New Method

The detection method we herein describe is robust, simple and could be an interesting alternative to the usual methods used in clinical settings to detect asynchronies. The simple analysis of flow and pressure waveform (named “control method” in our study) could be easily conducted but its accuracy is questioned due to its poor sensitivity as previously documented.6,27  On the other hand, a rigorous analysis comparing diaphragm EMG signal and flow/pressure tracings (named “working standard method” in our study) has a much better diagnostic value3,4,7  but poor feasibility because it is difficult to get a stable electrical signal. From a physiologic point of view, excursion and thickening are not equivalent. The diaphragm displacement could be passively induced by pressurization of the ventilator, whereas diaphragm thickening can more reliably depict an active muscle contraction.8  However, their performance seemed to be equivalent for the detection of asynchronies in the present study. Our results encourage the innovative use of diaphragm ultrasound to detect, characterize, and quantify asynchrony under noninvasive ventilation at the bedside in intensive care units. Future studies in patients under invasive and noninvasive ventilation are needed to validate the technique. We also hope that the technological development of ultrasound devices will make diaphragm ultrasound assessment even more reliable through time.28 

Limits

The clinical application should however be counterbalanced by some limitations. First, we generated replicable and characteristic asynchronies, occurring at fairly regular intervals, thus relatively easy to detect and classify. Second, the experimental design reproduced only the most frequent asynchronies occurring during noninvasive ventilation and related to mask leaks (autotriggering and delayed cycling). Future studies should evaluate the usefulness of diaphragm ultrasound in detecting and characterizing others typical asynchronies, though less common but are much more difficult to experimentally induce. Of the latter, three are clinically meaningful: (1) ineffective triggering happens when an inspiratory effort is not met with inspiratory pressurization, and could reflect dynamic hyperinflation; (2) premature cycling is a cycle with mechanical insufflation shorter than the patient’s inspiratory time and often occurs in the presence of restrictive respiratory mechanics4 ; and (3) double or reverse triggering is defined as two cycles separated by very short expiratory time and could be related to an insufficient level of assistance.12  Third, our work needs to be conducted on intensive care unit patients. Our healthy participants were young and slender, with good echogenicity and cooperation allowing a good stability of diaphragm ultrasound signal. They also had a quite slow respiratory rate (which may not be the case for intensive care unit dyspneic patient) and big tidal volumes which probably augmented the diaphragmatic excursion29  and facilitated the detection of inspiratory efforts with diaphragm ultrasound. A wider use of this method in patients could be hindered by the vast variability of respiratory profiles, instability of the ultrasound signal, and the expected poor tolerance of patients. Last, the study design required an a posteriori analysis of curves and video recordings. An online analysis should be considered for future developments.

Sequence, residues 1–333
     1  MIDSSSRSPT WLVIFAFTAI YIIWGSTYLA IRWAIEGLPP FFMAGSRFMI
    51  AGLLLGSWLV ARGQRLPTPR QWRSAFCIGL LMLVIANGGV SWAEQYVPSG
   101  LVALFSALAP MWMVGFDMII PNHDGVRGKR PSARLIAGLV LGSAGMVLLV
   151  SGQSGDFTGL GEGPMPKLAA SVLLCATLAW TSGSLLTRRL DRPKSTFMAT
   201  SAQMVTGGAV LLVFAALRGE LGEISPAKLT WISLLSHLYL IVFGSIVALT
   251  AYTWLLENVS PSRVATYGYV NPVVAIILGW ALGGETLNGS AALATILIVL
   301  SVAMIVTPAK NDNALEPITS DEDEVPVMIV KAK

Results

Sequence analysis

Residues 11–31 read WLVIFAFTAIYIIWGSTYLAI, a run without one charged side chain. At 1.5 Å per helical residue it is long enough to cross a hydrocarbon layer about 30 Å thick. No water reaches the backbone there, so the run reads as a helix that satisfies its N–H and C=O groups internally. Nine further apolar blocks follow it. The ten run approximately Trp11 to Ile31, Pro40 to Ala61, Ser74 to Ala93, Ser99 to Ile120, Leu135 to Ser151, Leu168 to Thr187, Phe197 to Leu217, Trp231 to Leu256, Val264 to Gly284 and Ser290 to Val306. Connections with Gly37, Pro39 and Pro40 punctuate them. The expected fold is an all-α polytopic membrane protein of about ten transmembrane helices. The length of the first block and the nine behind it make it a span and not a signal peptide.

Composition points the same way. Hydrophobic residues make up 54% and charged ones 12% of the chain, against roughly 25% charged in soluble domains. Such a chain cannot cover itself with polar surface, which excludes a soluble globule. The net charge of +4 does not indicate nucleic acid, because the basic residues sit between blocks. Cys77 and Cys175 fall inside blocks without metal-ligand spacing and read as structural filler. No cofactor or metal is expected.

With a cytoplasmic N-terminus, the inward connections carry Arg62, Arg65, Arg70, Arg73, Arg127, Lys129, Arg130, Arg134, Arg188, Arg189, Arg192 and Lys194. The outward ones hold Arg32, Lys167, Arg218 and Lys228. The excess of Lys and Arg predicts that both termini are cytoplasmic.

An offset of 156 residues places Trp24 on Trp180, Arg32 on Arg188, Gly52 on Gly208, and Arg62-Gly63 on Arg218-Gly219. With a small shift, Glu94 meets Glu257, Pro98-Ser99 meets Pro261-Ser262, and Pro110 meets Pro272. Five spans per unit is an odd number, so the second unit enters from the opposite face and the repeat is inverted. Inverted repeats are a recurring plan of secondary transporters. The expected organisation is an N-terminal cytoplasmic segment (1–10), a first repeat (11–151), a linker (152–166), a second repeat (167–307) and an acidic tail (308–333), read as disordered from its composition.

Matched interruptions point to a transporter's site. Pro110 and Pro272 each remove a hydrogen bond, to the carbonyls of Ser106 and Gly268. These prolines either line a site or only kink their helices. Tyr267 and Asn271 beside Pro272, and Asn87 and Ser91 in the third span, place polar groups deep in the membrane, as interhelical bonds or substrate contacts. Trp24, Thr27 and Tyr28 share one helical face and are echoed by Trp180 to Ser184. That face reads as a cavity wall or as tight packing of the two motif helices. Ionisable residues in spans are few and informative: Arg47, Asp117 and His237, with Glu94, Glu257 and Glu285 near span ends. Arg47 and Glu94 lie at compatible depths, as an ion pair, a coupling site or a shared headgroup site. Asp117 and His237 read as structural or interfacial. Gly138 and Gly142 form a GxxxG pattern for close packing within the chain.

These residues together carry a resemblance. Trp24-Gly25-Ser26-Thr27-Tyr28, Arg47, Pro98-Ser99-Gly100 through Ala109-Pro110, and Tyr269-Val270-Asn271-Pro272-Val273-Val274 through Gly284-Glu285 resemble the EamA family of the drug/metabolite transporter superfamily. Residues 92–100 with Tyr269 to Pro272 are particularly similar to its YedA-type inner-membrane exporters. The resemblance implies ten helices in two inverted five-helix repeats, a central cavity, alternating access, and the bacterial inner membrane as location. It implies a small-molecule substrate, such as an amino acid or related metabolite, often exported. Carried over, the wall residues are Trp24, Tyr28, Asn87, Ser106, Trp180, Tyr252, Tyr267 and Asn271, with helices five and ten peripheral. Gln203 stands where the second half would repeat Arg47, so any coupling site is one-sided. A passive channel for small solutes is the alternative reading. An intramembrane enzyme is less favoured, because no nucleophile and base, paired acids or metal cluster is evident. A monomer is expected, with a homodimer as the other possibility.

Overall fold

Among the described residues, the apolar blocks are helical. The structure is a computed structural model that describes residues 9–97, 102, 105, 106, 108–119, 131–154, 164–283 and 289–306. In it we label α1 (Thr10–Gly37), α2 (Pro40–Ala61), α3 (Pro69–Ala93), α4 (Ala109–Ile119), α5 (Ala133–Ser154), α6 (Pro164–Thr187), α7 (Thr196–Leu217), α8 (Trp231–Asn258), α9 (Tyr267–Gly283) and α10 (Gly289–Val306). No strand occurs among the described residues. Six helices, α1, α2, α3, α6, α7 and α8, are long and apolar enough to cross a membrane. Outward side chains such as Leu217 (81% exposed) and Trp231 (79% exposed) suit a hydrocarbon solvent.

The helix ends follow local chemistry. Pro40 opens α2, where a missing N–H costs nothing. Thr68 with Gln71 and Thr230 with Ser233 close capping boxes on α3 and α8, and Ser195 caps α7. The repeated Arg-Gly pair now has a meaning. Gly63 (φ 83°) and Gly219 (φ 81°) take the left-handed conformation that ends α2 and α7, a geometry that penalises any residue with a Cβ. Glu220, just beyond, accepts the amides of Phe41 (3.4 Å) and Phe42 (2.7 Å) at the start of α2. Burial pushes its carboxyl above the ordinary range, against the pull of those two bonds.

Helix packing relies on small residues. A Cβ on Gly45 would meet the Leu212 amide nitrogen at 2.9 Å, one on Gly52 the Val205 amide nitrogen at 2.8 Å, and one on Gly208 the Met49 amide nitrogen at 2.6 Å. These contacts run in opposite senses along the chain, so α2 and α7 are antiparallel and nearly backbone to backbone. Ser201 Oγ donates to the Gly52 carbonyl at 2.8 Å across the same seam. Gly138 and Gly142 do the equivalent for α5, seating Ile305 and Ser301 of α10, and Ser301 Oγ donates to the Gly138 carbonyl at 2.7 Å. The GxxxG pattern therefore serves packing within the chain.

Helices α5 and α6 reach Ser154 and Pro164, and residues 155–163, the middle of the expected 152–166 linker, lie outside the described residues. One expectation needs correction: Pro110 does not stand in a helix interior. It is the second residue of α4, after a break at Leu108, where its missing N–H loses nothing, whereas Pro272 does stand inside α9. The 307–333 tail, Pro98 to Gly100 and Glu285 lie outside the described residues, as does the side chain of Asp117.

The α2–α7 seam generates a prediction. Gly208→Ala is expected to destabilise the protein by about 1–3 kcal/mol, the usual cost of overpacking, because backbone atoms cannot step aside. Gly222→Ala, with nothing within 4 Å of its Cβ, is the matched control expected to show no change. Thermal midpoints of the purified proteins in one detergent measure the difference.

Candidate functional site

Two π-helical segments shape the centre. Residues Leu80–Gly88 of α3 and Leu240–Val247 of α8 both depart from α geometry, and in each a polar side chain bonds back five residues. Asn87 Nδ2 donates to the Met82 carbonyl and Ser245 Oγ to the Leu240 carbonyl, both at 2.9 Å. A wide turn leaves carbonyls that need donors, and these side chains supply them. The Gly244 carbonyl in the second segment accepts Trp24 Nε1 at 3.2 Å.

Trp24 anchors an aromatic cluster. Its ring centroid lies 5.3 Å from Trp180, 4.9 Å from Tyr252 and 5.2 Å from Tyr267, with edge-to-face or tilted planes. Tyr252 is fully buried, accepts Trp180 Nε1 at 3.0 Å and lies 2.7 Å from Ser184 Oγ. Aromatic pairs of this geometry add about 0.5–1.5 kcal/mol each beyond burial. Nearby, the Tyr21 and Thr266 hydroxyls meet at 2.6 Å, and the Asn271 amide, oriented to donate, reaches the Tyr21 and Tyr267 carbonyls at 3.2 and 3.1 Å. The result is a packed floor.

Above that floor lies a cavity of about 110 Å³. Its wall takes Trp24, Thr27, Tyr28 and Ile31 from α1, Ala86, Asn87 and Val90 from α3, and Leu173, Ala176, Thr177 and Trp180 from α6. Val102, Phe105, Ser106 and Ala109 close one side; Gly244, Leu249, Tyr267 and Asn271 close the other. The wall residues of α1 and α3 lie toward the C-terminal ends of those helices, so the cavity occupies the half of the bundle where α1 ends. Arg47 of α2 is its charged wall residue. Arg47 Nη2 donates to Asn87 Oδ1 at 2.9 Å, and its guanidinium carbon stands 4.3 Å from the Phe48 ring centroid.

In conclusion, diaphragm ultrasound accurately detected asynchronies during noninvasive ventilation in healthy volunteers. This technique is promising and should be evaluated in clinical settings, and compared with emerging automated techniques based on diaphragm EMG signal or respiratory flow signal.30 

Acknowledgments

The authors are indebted to Philips Healthcare (Amsterdam, The Netherlands) and General Electric Medical Systems (Chicago, Illinois) for their technical support. Research Support

Financial support was provided solely from institutional sources (Groupe de Recherche Clinique Cardiovascular and Respiratory Manifestations of Acute Lung Injury and Sepsis, France).

Competing Interests

Dr. Dessap reports technical support from Phillips Healthcare (Amsterdam, The Netherlands) and General Electric Medical Systems (Chicago, Illinois). The other authors declare no competing interests.